Kazakhstaaaaan, greatest country in the world.
All other countries are run by little girls.
I’m aware that it’s the cliché of clichés to start my blog about this country with some Borat lyrics… but then it is the only song I could think of while crossing the border, and I had to try really hard not to sing it out loud. I’m pretty sure Kazakh people don’t like it… and they a have good reason. As soon as my little Marshrutka escaped the hectic border land, I could see that their country is nothing like the Borat movie (which is in fact recorded in Eastern Europe).
The mini van drove me through endless, waving plains that reached as far as the eye could see. They had a golden brown colour, dotted with the green of lone trees and the dark shadows of herds of cows and horses. It was an amazing sight, especially for someone who loves the endless horizons as much as me. The landscape reminded me of the Spanish Meseta – but bigger – and my spirits lifted as I gazed out of the dirty window. In between vast fields like these, my heart can breath freely and all the world seems lighter. I started dreaming about Kazakh Camino’s, and arrived in Shymkent much sooner than I had expected.
In my hostel, which is located in a beautiful house filled with very friendly and helpful people, I met Pau, a guy from Barcelona, and Veslamö, a women from Norway. After I was done feasting on the wifi (which is the first decent connection I’ve found since leaving Russia), today the three of us went on a day trip to the ancient mausoleum town of Turkestan.
It rained in Shymkent when we left, and it was a good 15°C colder than it had been in Uzbekistan. I hadn’t at all expected such a huge drop in temperature from one day to another and so, even though I had brought an extra jacket and rain coat, I was pretty much freezing in the early morning hours.
Luckily the weather in Turkestan was nicer than it had been in Shymkent, with occasional sunshine and no rain. Came lunchtime, the temperature felt a lot more tolerable – although still far from hot.
We started the day by sitting down in a little cantina, ordering a nice pot of tea and a bunch of pancakes with honey. Turkestan on the other hand, didn’t impress me. After the grandeur of Uzbekistan, it’s mausoleum and mosque aren’t much special and the whole place feels strangely sleepy and a bit awkward. There is nothing in terms of nice surroundings; the views from the old fortification wall are rather poor and apart from a colourful rose garden in front of the main building, the grounds are bare and unattractive.
Good company is worth gold though. I look forward a lot to seeing Pau and Veslamö again in Almati, since we had a great, laid back day among the ruins. We watched together as Kazakh pilgrims prayed at the many tomb stones and walked around the buildings – touching the walls with the palms of their hands and muttering worlds we could not understand. By the time we arrived back in Shymkent, it was already dark (and again annoyingly cold). It looked like it had been raining all day in the Southern city, which confirmed we made a good choice travelling north to escape the clouds!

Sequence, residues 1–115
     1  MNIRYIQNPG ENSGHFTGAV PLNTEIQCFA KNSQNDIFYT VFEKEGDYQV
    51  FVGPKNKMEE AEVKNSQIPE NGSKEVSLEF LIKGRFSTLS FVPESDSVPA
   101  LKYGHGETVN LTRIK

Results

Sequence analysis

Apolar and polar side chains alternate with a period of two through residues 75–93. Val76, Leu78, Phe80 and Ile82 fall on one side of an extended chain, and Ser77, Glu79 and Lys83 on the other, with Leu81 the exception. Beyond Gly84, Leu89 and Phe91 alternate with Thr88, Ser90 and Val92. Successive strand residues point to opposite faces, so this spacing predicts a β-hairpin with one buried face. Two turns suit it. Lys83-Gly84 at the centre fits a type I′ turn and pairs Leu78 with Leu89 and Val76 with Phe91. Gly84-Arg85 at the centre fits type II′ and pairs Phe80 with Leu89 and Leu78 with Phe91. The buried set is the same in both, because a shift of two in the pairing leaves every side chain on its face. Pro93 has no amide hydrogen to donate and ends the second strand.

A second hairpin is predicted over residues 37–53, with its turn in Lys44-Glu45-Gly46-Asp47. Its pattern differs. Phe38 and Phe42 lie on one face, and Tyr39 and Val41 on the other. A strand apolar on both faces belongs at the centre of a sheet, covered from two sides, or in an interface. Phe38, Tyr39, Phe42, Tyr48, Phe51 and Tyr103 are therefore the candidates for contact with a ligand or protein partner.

My first impression of Kazakhstan is a surprisingly relaxed one. When approaching the Marshrutkas in the bus station, we weren’t swarmed by drivers trying to lure us in their car. More over, the first price quoted was a reasonable one and the same as any local paid. What a joy! When I arrived from the border yesterday, one of the taxi drivers even suggested I’d take the bus to my hostel, as it wasn’t that far. After all the touts in Uzbekistan, that advice confused me so much I declined. I couldn’t understand why a taxi driver would put me in a bus when he could get some money out of me. Now it turns out it were probably genuine good intentions… while in Uzbekistan, taxi drivers used to lie about their being no public transport so you’d be more tempted to get in their car. What a difference indeed!
On top of that we didn’t see one French (or any) tour group for the whole day! We were the only Western people around but at the same time, none of the locals really seemed to care. They just treat you like any other, without batting an eye.
In the city, fancy bars and restaurants are everywhere. In fact, there is a trendy Korean place right across from our hostel that serves delicious Bibimbab – probably the best I’ve ever had outside of Korea. Food in general had been great so far. Although a little more expensive than Uzbekistan, I get the idea it’s far more easy to find decent quality here.
On the other hand I haven’t seen many sights that blew me off my feet yet. Shymkent is – in essence – not a pretty city, and neither is Turkestan. The mausoleum had a few very simple exhibitions inside, mostly portraying old pots and pans with labels that say “pot” and “pan”, but that’s not very interesting isn’t it? The actual room with the tomb was not even open for the public, one had to stare inside through a tiny fenced window.
On the other hand, transport to the site (which is about one and a half drive away) is cheap due to the fact that it doesn’t need to be bargained about, and the entrance fee at the mausoleum includes most of the other sights in Turkestan as well. Foreigners (or as the toll booth said: visitors from the far abroad) pay more than double than locals – but it’s still a reasonable price given that the buildings are still under renovation and the money is probably much needed for their conservation.
As a conclusion to my first day, it seems that, by crossing the border, I have traded grand touristy architecture for a relaxed local city life and – to be fair – I’m fine with that change. Broader landscapes, mountains waiting, and a dorm room for eight that I have all to myself tonight. I will not complain!